Magazine article New Statesman (1996)

Access All Areas: Female Murder Victims, Sexy Autopsy Lady and the Problem with Crime Fiction

Magazine article New Statesman (1996)

Access All Areas: Female Murder Victims, Sexy Autopsy Lady and the Problem with Crime Fiction

Article excerpt

I vividly recall the Twin Peaks trailer in 1990, and the reedy voice saying, "She's dead. Wrapped in plastic!" Years later, after a life consuming cheap American crime procedurals on TV, it struck me that Lynch's 48-part psychedelic opus was driven by the same momentum as your average episode of CSI: an attractive female body on a slab. Had Laura Palmer been a middle-aged man with a tag on his toe, there would be no show. Recently, on something like Criminal Minds, I watched a male detective pull the sheet off a female murder victim. He gave her a glance, and added to his injuries report: "Pretty, too." My eyes popped. But there I was, enjoying the show with my beans on toast.

Last week, the author Bridget Lawless launched a new prize for fiction, for the best thriller "in which no woman is beaten, stalked, sexually exploited, raped or murdered". We are all familiar with the gripping, grimy plots she's talking about. Detectives in dramas investigating murdered girls are galvanised by an unacknowledged, quasi-erotic interest couched in vengeful, fatherly terms. There's the inevitable inspection of the dead girl's bedroom--drawers, diaries--like the legitimate face of the peeping Tom. And as the body count mounts, there are dead girls fixed to the notice boards in the police stations, in a grim twist on the pin-ups in mechanics' workshops. The victims turn out (see Netflix's Mindhunter) to be just a little bit wilder than their cherubic faces would suggest; a hidden no-good boyfriend, a secret tryst with an older man. She wasn't asking for it, but ...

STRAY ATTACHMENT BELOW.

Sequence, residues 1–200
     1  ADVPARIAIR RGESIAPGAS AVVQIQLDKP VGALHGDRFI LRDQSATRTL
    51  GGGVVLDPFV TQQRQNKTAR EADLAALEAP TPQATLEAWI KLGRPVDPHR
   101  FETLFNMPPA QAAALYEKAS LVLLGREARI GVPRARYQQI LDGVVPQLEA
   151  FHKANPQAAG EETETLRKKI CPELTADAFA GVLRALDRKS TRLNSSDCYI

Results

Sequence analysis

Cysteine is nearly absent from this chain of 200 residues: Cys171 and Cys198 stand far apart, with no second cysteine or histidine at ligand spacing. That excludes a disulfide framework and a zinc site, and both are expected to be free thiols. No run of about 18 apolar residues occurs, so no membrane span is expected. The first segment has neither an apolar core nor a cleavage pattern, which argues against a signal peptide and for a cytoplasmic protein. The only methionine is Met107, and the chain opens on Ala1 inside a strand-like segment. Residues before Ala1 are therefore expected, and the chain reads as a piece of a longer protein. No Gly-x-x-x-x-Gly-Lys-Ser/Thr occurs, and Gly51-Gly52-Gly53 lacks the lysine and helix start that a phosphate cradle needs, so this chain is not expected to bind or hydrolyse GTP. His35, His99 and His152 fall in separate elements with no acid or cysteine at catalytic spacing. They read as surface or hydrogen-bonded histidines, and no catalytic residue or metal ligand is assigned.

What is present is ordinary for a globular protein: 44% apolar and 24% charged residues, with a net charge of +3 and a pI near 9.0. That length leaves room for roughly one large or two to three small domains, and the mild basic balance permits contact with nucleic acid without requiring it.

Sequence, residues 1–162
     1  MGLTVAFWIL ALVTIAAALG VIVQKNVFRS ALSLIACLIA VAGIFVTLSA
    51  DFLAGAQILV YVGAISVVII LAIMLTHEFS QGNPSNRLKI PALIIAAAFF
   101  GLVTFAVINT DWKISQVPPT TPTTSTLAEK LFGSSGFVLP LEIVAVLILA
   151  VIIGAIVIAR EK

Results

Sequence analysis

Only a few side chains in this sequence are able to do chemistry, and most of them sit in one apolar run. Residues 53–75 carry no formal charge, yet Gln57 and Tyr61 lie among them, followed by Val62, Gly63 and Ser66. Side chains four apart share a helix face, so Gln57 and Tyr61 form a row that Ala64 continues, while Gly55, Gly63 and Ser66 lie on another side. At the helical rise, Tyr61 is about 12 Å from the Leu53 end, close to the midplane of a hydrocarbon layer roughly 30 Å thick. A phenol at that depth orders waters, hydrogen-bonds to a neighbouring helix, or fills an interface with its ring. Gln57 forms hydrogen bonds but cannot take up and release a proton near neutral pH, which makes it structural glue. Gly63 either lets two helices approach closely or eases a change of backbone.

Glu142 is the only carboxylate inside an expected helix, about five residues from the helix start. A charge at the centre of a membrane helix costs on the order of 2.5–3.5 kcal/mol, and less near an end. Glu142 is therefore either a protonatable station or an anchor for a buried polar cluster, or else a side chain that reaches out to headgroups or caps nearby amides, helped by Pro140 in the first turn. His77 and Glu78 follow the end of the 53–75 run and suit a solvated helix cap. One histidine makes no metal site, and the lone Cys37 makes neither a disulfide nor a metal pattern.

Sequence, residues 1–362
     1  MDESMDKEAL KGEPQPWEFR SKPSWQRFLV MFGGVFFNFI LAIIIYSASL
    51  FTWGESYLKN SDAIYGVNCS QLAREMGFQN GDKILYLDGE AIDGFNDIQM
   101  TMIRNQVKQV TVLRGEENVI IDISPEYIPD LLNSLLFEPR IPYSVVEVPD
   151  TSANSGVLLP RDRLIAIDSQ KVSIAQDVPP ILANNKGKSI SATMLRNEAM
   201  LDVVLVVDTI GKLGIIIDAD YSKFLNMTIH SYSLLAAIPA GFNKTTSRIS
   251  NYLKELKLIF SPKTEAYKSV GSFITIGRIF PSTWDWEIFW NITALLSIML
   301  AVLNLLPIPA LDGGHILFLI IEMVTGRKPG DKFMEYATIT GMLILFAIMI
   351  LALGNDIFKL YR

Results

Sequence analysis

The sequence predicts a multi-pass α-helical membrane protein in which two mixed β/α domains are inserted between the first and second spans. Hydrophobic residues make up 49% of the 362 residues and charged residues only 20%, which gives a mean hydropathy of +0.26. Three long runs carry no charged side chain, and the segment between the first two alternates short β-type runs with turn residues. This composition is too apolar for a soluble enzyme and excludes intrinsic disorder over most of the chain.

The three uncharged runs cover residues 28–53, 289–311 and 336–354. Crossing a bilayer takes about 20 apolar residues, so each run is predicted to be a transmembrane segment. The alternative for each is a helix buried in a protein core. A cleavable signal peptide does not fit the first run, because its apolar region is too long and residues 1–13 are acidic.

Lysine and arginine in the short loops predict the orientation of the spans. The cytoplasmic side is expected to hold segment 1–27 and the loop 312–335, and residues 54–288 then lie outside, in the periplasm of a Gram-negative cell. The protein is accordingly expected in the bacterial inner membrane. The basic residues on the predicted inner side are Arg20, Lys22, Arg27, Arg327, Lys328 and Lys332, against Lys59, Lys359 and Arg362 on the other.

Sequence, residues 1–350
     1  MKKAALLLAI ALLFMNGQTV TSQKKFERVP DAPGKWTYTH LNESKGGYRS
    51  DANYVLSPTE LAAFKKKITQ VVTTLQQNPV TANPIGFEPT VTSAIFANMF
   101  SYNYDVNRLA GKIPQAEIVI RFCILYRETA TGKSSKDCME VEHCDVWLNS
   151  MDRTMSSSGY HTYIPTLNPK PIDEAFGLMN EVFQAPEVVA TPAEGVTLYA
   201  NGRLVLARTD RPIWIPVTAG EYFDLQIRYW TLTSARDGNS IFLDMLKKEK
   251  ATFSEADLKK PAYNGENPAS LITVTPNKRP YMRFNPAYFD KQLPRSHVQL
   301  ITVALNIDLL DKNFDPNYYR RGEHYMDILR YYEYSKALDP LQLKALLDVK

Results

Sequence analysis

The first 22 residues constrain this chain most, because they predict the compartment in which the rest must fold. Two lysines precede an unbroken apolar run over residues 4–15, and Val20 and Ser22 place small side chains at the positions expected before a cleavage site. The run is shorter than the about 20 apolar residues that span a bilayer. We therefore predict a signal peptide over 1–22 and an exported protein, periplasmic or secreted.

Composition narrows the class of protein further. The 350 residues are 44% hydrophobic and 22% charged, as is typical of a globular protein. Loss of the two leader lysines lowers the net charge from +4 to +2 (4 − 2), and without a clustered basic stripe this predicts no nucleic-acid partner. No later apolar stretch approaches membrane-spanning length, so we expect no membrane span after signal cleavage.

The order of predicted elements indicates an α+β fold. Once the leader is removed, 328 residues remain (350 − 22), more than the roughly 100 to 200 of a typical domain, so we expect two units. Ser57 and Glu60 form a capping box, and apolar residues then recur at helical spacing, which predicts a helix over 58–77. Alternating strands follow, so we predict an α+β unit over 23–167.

The thing is, loads of women love these shows! Women are the biggest consumers of crime fiction--between 60 and 80 per cent. In 2009, the British crime writer Martyn Waites was encouraged to take a pseudonym, Tania Carver, to publish his book The Surrogate, in which (original idea, this) a serial killer cuts out the foetuses of pregnant women. Waites's publishers wanted female writers to appeal to their female audience. Women were the targets of the foetus chopping book. Which makes complete and utter sense to me. …

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